Media Filters – Are you getting what you expect?

Wed, 28 Mar 2018

I recently conducted a presentation to a group of customers visiting Waterco’s factory in Malaysia, looking at standards and the choices customers face when it comes to quality and performance. It seemed a timely moment to post the gist of the presentation here.

Contrary to the belief that fibreglass filters are simply laid up, with simple distributor and collector systems, there is in fact a great deal of design and engineering that goes into making a long-lasting filter that works effectively. Both longevity and effectiveness are as important as each other, with effectiveness often overlooked.


A filter that is not designed and built to last, is a risk. There are safety risks if it fails under pressure, to people and other equipment.

Then there are cost risks, both intangible and intangible. Manufacturers may be liable for product failures, however the cost of system downtime to the end customer can be significant. The time taken to rectify a large vessel failure whether covered by warranty or not is a major lost opportunity cost for contractors, as is the cost to their reputation.

When a large pressure vessel fails on a large project, the stakes are high. So is the risk of legal action.

The British standard BS13121 is used by fibreglass vessel manufacturers as the design and construction standard. The ultimate test of compliance though is to pass independent, third-party design review and hydrostatic testing. This is the requirement for registration of pressure vessels in Australia. It’s no surprise that costs of vessels that can comply with this are higher than those who do not.

Construction weaknesses can occur at dome ends, any penetration of the vessel such as flanges or ports, manholes, tank joins and even bases. The constant expansion and contraction in the tank will expose these weaknesses. Lateral systems can also prove vulnerable. We have recently been fielding calls to source replacement laterals for a brand that are failing at just 2-3 years old.

Nozzle plates are not easy to engineer with expansion and contractions of the tank often causing failures of the plate/wall joint in sub-standard vessels.

Perhaps not in the first year or two, but any weakness will be found.


Filter purchases are made in the belief that the filter will do what we expect it to do. Unfortunately, the performance of all filters is not the same.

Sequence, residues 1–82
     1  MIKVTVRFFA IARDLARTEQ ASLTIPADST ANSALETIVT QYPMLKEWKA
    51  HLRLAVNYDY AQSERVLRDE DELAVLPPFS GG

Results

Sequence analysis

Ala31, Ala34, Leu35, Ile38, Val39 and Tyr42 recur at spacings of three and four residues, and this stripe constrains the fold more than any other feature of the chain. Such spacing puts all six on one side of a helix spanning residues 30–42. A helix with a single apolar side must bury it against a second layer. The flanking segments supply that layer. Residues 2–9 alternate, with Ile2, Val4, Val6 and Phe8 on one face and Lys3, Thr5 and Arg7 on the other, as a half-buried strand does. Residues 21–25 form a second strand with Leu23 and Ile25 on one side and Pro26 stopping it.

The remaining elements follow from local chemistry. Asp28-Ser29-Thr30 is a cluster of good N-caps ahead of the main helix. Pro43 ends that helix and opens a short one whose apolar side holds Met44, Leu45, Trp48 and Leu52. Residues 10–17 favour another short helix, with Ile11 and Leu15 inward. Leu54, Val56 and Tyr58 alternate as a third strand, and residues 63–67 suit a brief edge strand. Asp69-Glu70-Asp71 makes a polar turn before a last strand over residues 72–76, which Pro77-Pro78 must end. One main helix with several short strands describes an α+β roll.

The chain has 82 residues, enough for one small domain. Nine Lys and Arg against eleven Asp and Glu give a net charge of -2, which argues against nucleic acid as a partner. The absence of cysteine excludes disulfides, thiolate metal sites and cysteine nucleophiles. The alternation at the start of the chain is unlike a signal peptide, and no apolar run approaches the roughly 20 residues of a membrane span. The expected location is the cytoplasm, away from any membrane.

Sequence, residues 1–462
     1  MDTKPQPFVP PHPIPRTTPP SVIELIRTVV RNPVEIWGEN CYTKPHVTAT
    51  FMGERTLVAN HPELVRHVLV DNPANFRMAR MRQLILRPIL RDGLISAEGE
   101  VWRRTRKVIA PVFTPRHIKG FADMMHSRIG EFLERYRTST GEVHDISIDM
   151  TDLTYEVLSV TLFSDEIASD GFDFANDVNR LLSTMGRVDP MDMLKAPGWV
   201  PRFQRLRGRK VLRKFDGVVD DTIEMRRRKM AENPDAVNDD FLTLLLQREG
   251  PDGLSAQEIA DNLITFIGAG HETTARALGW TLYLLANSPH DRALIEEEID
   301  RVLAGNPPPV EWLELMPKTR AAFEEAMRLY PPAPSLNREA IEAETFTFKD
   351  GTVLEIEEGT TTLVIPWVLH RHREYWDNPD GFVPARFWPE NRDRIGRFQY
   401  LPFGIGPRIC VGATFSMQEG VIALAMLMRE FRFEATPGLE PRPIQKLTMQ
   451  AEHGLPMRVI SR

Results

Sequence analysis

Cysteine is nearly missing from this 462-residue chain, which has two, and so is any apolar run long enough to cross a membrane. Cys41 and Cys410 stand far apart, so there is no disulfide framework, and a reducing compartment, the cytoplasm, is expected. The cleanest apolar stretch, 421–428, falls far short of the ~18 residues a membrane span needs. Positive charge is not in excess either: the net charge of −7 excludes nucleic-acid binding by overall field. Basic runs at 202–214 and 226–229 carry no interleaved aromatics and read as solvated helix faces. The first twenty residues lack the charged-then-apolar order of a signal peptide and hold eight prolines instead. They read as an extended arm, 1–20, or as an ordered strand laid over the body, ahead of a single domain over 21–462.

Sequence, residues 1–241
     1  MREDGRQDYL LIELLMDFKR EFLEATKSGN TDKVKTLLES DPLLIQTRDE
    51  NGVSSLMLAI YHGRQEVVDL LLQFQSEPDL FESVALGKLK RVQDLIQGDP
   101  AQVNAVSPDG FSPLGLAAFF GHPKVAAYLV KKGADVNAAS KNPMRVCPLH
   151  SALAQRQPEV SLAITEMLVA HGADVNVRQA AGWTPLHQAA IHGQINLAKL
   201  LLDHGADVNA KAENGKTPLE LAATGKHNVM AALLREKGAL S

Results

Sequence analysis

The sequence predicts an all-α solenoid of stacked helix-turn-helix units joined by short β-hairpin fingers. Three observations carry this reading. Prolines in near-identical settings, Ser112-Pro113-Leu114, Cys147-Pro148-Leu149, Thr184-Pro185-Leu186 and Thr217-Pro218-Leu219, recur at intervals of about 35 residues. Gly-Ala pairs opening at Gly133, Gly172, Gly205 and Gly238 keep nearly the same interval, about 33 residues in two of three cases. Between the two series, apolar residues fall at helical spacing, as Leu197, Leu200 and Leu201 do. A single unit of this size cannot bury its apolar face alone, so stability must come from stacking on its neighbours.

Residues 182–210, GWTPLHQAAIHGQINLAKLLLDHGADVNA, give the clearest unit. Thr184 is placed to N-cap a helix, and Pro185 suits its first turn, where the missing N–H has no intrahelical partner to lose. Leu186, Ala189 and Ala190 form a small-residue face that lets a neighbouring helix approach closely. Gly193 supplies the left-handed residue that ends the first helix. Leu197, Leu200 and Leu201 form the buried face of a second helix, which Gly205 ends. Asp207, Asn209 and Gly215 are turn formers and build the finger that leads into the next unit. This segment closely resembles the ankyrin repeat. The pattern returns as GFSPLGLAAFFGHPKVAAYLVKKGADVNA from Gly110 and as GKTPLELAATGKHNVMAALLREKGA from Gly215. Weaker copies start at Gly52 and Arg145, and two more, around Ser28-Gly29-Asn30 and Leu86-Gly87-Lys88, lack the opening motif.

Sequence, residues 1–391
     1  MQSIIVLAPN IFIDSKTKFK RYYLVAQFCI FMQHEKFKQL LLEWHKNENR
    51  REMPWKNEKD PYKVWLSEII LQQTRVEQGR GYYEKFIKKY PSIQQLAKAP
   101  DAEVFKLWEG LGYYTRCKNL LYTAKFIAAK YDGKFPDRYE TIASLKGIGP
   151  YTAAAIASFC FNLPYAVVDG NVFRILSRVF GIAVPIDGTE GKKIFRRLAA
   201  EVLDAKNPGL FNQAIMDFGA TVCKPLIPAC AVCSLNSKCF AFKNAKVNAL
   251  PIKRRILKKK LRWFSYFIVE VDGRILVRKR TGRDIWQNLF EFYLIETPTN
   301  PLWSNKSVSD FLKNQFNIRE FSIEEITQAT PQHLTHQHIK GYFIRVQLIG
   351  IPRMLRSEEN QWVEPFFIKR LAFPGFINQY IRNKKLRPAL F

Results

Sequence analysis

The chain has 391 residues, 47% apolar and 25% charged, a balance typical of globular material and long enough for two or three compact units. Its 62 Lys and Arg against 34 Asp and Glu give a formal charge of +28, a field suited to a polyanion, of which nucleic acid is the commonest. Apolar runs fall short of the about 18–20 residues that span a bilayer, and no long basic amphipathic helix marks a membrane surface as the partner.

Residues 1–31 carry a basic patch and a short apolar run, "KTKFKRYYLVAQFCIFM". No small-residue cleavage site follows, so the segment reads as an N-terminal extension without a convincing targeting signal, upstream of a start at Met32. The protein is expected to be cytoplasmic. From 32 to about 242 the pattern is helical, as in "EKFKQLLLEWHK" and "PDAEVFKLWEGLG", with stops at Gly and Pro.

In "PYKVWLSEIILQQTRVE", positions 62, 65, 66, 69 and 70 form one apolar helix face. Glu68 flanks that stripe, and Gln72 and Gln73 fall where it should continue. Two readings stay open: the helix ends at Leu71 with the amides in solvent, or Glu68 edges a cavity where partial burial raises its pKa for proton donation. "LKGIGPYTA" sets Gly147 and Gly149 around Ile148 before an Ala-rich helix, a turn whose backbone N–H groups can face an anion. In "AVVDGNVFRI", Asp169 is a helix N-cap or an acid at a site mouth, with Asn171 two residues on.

Performance standards are not prevalent for media filters and are rarely discussed. They do exist though and ensure that the filter will perform as it should. NSF50, for example, is a swimming pool performance standard. To pass, the vessel is put through a number of tests, such as the following general examples (please refer to the NSF50 standard for full test criteria):

  1. Toxicity – materials must not pass toxins to the filtered water
  2. Hydrostatic test – 1.5x rated pressure
  3. Cyclic tests – 15,000 pressure cycles – Waterco further exceeds this in its own testing to create additional durability
  4. Turbidity test – using NSF grade media, incoming and outgoing turbidity is measured at a determined velocity
  5. Media migration – to ensure that hydraulic flows within the vessel do not cause media to move around within, thereby guaranteeing an even bed of media and effective filtration over the life of the vessel

Points 4 and 5 above are of particular relevance to performance. They ensure that you get what you expect – a vessel that effectively filters for its life.

Waterco’s MD10000 is the largest horizontal filter in the world to have passed the NSF50 test – along with a range of Waterco’s other vessels. Beware claims of ‘built to NSF50’. Always check the NSF website to validate any claims of NSF compliance.

Sectors of the aquatic market have argued in the past that these standards are onerous and cost prohibitive, however the performance risks are real. The water treatment sector has been somewhat more aware of the issues.

Competition between contractors for major projects is forcing price pressure on major components such as pressure vessels. This price pressure is compromising both quality and performance.

With nearly 40 years in the business, Waterco has seen just about every design, construction and performance challenge that will present – and the traps for users. With more brands of fibreglass vessels entering the market, there is a wide range of both construction and performance options that exist. This is even more prevalent now in the larger vessel market where the dollars and stakes are much higher.

Are you getting what you expect – and what you paid for?

Andy Gale


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